Earth Overshoot Day: The planet is exhausted. Mankind has already used up its resources for the year 2022

Earth Overshoot Day: The planet is exhausted. Mankind has already used up its resources for the year 2022

During the previous 50 years, Earth Overshoot Day has come earlier and earlier said the Global Footprint Network.

Earth has reached a milestone: Humanity has travelled the path to this year's "Earth Overshoot Day". Congratulations are in order or are they? This may be a milestone, but it is a dubious one. On Thursday, NGOs announced this questionable milestone, which signifies that mankind has exhausted all that the Earth can produce sustainably. Henceforth, any resource we use will be over and above the planet's "tipping point". As per an AFP report quoting WWF and the Global Footprint Network, people have used up "all that ecosystems can regenerate in one year".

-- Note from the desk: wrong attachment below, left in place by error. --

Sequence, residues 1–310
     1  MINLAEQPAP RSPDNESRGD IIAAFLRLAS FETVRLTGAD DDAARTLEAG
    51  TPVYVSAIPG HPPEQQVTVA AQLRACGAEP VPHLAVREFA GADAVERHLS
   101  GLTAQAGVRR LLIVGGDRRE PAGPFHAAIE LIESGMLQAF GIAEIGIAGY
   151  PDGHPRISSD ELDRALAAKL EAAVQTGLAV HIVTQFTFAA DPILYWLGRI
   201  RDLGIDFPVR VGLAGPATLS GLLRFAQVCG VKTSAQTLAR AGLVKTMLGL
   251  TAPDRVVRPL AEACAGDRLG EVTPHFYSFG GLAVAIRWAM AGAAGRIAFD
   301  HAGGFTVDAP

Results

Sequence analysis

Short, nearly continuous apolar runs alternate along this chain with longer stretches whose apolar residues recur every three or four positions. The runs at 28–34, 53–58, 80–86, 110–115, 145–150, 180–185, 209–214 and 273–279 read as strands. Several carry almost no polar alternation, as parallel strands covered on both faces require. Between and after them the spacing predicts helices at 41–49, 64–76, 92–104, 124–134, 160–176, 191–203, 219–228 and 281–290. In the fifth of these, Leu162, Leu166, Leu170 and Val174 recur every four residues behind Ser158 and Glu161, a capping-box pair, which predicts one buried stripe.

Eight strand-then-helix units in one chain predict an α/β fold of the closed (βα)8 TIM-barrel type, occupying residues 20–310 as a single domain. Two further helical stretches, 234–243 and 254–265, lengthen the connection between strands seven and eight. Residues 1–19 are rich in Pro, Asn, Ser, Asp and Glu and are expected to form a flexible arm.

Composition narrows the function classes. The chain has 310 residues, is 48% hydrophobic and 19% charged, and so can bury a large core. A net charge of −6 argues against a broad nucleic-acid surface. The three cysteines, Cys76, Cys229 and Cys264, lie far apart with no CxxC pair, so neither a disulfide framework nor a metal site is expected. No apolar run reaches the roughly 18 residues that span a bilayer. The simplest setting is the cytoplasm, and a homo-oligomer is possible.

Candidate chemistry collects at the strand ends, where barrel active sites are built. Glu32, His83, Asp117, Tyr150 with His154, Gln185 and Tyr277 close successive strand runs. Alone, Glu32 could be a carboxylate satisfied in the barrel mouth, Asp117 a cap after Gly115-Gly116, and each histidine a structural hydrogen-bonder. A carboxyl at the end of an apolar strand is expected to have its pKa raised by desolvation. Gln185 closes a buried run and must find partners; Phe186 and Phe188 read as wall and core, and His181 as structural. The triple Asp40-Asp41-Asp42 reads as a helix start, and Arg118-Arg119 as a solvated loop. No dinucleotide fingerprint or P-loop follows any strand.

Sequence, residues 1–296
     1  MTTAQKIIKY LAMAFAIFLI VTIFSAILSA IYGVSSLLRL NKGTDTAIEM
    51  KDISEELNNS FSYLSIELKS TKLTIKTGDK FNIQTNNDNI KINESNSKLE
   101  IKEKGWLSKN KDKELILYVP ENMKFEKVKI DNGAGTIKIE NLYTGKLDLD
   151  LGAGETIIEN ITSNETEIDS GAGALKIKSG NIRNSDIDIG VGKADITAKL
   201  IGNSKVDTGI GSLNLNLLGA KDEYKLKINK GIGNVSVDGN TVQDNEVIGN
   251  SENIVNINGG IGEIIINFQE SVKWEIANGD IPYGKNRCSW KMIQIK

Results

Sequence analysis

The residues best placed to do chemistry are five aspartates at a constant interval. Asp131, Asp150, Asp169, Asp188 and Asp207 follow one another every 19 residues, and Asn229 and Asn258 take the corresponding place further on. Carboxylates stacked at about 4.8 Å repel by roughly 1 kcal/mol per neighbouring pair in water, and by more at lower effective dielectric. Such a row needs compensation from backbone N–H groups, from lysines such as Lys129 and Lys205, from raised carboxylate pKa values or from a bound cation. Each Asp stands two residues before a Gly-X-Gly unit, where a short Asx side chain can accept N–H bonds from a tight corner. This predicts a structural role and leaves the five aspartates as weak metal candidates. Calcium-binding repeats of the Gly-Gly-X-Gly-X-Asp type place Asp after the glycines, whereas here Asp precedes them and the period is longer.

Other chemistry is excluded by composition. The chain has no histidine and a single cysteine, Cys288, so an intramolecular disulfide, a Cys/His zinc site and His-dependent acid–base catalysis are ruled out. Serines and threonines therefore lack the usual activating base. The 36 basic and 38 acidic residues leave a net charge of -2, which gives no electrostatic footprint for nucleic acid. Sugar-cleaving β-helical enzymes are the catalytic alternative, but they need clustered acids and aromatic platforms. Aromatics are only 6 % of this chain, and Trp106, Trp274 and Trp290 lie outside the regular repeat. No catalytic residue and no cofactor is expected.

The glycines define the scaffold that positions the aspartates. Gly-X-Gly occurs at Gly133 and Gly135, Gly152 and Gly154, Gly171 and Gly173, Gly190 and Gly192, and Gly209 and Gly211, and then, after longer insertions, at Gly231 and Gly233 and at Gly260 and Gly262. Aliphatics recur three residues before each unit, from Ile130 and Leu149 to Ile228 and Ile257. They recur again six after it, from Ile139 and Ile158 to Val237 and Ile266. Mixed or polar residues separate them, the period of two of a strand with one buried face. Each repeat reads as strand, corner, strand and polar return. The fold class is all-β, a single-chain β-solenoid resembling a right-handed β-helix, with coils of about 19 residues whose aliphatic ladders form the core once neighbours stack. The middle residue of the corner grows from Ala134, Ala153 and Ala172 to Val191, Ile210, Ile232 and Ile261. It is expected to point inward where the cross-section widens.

"From January 1 to July 28, humanity has used as much from nature as the planet can renew in the entire year. That's why July 28 is Earth Overshoot Day," explained Mathis Wackernagel, president of the Global Footprint Network.

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During the previous 50 years, Earth Overshoot Day has come earlier and earlier said the Global Footprint Network.

The burden is not distributed equally. According to Wackernagel, if everyone lived like Americans, the date would have been even sooner, on March 13.

He added that "the Earth has a lot of stock, so we can deplete Earth for some time but we cannot overuse it for ever. It's like with money; we can spend more than we earn for some time until we're broke."

The two NGOs criticise the food manufacturing system for leaving behind a "considerable" environmental footprint.

As per them, 55 per cent of the planet's biocapacity goes towards feeding mankind. A large part of that (63 per cent in EU) is used up to rear and feed animals that are used for meat.

What's worse is that one-third of the food produced worldwide is wasted.

The NGOs recommend that wealthy nations cut back on their meat intake. If meat consumption were decreased in half, the date of the overshoot could be delayed by 17 days, according to Laetitia Mailhes of the Global Footprint Network.

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